Cell-based phenotypic screening of chemical libraries represents a powerful tool to identify new potential drugs48. We designed a robust screening platform for senolytic compounds and tested it using a chemical library of approved drugs. As a result of this screening we identified a compound, Proscillaridin A, a drug belonging to the Cardiac Glycoside family. Interestingly, two additional screenings using a library of compounds derived from plant extracts and a collection of venoms, also identified hits belonging to this same CGs family of compounds. Digoxin, one of these CGs, is a commonly used drug for atrial fibrillation and heart failure and in our hands showed a powerful senolytic activity. Even though the therapeutic window for Digoxin is quite narrow, this is a drug that has been successfully used for decades. We can benefit from our knowledge on how to administer the drug and how to follow and assess the patients, and we have even developed effective blocking monoclonal antibodies to revert possible drug overdoses49. Our experiments show that at least for some particular cell types and senescence inducers, the doses needed to achieve the senolytic effect fall within the therapeutic range. This might not be the case for all the cell types and an individual assessment will have to be done to develop potential particular therapies.
Even though our screenings were based on the use of human cancer cells, A549 and SK-MEL-103, induced to senescence either by Bleomycin or Palbociclib, we showed that the use of other chemotherapeutic drugs to induce senescence also allows senolysis by Digoxin. In addition, primary BJ fibroblasts induced to senescence by Bleomycin, expression of an oncogene, or damaged by oxidative stress were also more sensitive to the cytotoxic effect of Digoxin than their proliferative counterparts. We have also expanded these observations to other tumor and primary cells. In addition, similar results have been obtained by another group performing independently cell-based screenings and using other unrelated chemical libraries, further reinforcing the reproducibility of our findings50.
CGs are known to exert their action primarily by binding to the alpha subunit of the Na+/K+ATPase pump and inhibiting the intake of K+ coupled with the release of Na+out of the cell34. This inhibition initiates a cascade of events that results in distorted electrochemical gradients involving several ions within the cell. We confirmed the depolarization caused by Digoxin and found that senescent cells show a slight depolarized plasma membrane that puts these cells closer to a level of depolarization that can trigger cell death when treated with Digoxin. Incubation of senescent cells with KCl was sufficient to protect these cells from senolysis induced by Digoxin and overexpression of the alpha 1 subunit of the Na+/K+ATPase also partially rescued cell death, proving the relevance of the known CG target on this effect. The increased levels of Na+within the cell can result in the blockade of the Na+/H+Exchanger, causing an increase in the H+concentration. Indeed, the high concentration of H+seems to be involved in Digoxin senolytic effect. Amiloride-mediated inhibition of NHE phenocopied the effect of Digoxin, while overexpression of NHE1 protected senescent cells from senolysis. Interestingly, the levels of H+in senescent cells were already higher than in proliferating cells and Digoxin further increased this concentration.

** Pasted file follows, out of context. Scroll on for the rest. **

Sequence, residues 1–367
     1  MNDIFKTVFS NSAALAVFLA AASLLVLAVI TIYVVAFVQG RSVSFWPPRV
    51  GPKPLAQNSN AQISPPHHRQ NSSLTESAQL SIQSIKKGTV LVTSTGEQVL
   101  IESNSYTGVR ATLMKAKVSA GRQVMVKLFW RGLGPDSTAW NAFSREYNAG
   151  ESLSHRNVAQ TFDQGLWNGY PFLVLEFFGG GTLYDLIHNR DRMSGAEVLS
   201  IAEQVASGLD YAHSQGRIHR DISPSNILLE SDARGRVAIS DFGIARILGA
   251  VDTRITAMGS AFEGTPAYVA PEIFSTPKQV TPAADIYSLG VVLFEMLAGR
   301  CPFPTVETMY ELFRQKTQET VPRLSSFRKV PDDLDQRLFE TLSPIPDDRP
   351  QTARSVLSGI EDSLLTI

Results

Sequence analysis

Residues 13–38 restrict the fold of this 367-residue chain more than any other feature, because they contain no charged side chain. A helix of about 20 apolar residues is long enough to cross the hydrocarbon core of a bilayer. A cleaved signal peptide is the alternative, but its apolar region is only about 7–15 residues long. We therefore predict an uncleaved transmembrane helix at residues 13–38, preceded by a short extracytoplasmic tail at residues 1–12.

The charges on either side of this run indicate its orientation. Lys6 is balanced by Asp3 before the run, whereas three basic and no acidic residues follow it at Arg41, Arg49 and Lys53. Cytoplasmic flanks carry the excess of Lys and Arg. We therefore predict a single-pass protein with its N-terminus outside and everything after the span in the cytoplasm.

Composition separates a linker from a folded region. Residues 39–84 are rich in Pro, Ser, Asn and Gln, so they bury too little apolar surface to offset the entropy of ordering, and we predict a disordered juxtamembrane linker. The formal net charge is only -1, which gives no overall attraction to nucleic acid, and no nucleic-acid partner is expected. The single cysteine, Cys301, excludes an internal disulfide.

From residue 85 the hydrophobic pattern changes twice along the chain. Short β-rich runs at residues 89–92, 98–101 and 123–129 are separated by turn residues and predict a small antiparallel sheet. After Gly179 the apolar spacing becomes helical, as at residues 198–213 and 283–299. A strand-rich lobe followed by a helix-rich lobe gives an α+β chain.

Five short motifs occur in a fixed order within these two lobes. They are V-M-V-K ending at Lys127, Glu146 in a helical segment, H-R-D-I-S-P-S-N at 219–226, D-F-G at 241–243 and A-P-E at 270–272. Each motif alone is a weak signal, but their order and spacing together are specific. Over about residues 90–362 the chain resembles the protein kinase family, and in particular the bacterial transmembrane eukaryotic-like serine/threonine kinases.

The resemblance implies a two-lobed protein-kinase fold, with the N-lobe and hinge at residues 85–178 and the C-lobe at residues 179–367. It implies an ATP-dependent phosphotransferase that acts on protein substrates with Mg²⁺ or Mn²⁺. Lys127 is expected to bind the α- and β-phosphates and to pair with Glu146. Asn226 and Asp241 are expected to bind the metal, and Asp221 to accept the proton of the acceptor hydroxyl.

As already mentioned above, we support the possibility of developing a two-punch strategy against cancer based on cellular senescence by combining senogenic and senolytic drugs. Since we based our screening on the use of human cancer cells induced to senescence by chemotherapeutic drugs, we decided to test the effectiveness at controlling tumor growth of our candidate senolytic, Digoxin. For this, we used xenografted A549 cells or a breast cancer PDX treated with senogenic compounds Gemcitabine or Doxorubicin, respectively. Mice were treated with the senogenics alone or in combination with Digoxin. Compared to the weak antitumor effect obtained with each compound alone, the combination of Gemcitabine or Doxorubicin plus Digoxin proved to be synergistic and efficient at reducing the growth of the cancer cells in vivo and even inducing complete regression of tumors. To extend the range of potential applications of CGs as senolytics, we tested a mouse model of lung fibrosis triggered by administration of senescent human fibroblasts directly into the lung. In this system, Digoxin preferentially induced cell death of senescent cells and reduced the extend of the fibrosis.